- Texas Tech, at 4.68 yards per play, is surprisingly low in this scenario, rating ninth in the conference . The Red Raiders’ offense is consistently among the Big 12’s best but this is a clear area of improvement for Kliff Kingsbury’s squad.
- OSU sits atop the conference at 3.98 yards per play allowed on 3rd-and-6 or more, another sign of how underrated its defense has been over the past two seasons.
- KSU is the only other team that allowed less than five yards (4.23) in that scenario and is the only team in the top half of the Big 12 in yards per play and yards per play allowed in that scenario. Third-down success, on both sides of the ball, was a big part of KSU’s ability to consistently win (and surprise) during the past two seasons.
Not long ago, Big 12 media days was an event worthy of a red carpet, with star-studded quarterbacks annually filling the halls.
Many -- like “Vince” and “Sam” -- were on a first-name basis with their fans. Others -- like “RG3” -- donned catchy nicknames.
This year, though, there were no rock stars at media days in Dallas. Because, well, there are no marquee quarterbacks returning.
As the SEC with defense, the Big 12 has become synonymous with quarterbacking. Of the past 13 quarterbacks taken in the first round of the NFL draft, six are Big 12 alums.
But these are foreign times in the conference. For a change, quarterbacking is the Big 12’s big unknown.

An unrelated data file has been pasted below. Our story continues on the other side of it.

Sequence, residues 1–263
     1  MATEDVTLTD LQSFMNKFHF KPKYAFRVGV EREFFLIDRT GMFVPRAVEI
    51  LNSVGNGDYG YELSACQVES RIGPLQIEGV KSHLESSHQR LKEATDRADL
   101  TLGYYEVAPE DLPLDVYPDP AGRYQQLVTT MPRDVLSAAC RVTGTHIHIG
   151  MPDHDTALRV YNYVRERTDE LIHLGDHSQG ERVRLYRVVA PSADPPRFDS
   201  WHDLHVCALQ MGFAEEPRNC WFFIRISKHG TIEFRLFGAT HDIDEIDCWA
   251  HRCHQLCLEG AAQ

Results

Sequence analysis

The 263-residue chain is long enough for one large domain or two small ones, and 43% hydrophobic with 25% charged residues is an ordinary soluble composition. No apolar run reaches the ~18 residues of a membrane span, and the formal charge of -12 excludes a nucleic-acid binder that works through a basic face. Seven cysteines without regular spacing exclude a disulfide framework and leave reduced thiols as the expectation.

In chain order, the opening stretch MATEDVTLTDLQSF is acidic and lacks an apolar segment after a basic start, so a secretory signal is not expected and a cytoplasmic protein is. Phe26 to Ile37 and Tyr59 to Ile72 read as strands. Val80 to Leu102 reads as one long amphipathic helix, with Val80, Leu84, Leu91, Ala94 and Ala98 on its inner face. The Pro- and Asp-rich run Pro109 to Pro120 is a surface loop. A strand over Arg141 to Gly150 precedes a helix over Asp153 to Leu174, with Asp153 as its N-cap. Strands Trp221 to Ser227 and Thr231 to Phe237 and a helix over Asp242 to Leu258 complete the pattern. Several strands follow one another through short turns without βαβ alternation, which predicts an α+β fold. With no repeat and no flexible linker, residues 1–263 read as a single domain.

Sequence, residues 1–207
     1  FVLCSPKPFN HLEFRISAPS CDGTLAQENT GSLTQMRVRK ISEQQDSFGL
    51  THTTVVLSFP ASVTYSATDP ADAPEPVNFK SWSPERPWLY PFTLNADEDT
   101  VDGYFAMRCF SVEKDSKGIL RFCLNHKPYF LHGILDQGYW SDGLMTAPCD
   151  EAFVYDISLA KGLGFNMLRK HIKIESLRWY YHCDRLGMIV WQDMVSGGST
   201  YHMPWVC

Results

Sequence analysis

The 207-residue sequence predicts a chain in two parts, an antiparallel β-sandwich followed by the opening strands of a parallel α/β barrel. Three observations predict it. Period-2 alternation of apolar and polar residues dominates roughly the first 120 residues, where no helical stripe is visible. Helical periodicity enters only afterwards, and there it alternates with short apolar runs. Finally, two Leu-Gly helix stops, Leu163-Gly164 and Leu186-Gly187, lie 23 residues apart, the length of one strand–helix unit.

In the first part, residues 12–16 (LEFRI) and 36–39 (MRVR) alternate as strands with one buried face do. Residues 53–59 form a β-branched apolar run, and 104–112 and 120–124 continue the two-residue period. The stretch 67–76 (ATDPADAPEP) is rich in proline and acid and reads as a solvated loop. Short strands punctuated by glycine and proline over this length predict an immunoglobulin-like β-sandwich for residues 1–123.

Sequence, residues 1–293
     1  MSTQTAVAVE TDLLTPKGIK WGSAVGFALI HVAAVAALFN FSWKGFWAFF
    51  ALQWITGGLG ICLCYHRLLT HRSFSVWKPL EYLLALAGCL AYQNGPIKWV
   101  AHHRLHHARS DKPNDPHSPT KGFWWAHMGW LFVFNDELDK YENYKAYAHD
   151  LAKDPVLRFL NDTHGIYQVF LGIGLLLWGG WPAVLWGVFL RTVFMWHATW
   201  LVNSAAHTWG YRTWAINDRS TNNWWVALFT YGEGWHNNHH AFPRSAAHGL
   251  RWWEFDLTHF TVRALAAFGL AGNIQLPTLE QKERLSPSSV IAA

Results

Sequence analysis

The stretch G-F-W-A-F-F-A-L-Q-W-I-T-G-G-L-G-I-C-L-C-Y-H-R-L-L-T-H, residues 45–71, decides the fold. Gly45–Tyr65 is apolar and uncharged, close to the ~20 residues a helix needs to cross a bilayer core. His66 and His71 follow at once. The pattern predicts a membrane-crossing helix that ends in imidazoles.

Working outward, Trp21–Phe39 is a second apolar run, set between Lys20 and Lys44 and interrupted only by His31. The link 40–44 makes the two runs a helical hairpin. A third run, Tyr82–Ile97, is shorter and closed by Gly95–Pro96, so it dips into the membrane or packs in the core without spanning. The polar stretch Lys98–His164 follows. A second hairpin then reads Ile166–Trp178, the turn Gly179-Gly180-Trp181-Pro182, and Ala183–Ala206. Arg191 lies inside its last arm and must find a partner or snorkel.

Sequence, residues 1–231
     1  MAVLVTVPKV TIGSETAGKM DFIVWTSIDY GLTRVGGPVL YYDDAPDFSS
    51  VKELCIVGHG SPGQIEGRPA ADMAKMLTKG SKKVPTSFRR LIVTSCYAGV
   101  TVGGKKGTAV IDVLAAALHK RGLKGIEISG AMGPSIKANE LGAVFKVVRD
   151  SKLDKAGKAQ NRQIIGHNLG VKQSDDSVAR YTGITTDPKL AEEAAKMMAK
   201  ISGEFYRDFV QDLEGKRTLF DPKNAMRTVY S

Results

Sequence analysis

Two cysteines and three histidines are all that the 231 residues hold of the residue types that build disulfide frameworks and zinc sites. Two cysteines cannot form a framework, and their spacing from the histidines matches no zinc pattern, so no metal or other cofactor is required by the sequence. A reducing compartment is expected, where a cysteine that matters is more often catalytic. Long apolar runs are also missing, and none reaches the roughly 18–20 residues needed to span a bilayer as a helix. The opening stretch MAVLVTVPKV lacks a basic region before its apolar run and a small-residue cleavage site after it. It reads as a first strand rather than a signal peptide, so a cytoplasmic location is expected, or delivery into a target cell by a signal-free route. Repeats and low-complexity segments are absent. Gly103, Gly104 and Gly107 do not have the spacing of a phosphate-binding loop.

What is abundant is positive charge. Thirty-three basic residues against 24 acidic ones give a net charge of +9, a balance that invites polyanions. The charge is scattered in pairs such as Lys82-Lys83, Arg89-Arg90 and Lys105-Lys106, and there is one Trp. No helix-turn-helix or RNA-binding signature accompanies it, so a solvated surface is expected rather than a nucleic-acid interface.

“We're in the same situation as seven or eight others,” said West Virginia coach Dana Holgorsen, who is replacing his school’s all-time leading passer, Geno Smith.
“Pretty much everyone is in the same boat.”
A boat that seats virtually everyone in the league.
Texas' David Ash is the Big 12's only expected starter who started more than five games last season. Six other teams are still officially involved in quarterback derbies, including Texas Tech, which could wind up starting true freshman walk-on Baker Mayfield in its opener with projected starter Michael Brewer dealing with a back injury.
Such quarterback uncertainty has rendered the Big 12 as wide open as ever, with six teams receiving first-place votes in the league’s preseason poll.
“I think it would be unfair to even predict what could happen in the league this year,” said Oklahoma State coach Mike Gundy, who has hinted he won’t announce Clint Chelf or J.W. Walsh as the starter until the opener against Mississippi State. “You have a certain number of teams, five or six, who if they stay healthy and get quality quarterback play, have a chance to win the league.
“For the fans and for the media, this year is as exciting as it gets -- because I don’t think anyone really knows.”
But the lack of marquee returning quarterbacks is also predominantly why for the first time in its history the Big 12 doesn't have a team ranked in the top 10 of the preseason polls. Oklahoma State was the league’s highest-ranked squad at No. 13.
Ash started every game but one for the Longhorns last season. But he also was benched against Kansas and TCU.
TCU’s Casey Pachall had a banner 2011 campaign. But he left four games into last season to seek treatment for substance abuse.
And while Chelf and Walsh both won games for the Cowboys as starters last year, it’s unclear at the moment which of the two will get the majority of snaps.
“The preseason polls for the majority in my opinion are based on returning quarterback play, because we all know how important quality quarterback play is to winning games,” Gundy said. “They look on paper and see there’s not a lot of returning quarterbacks in this league and so you’re not going to get recognized as much as other schools.”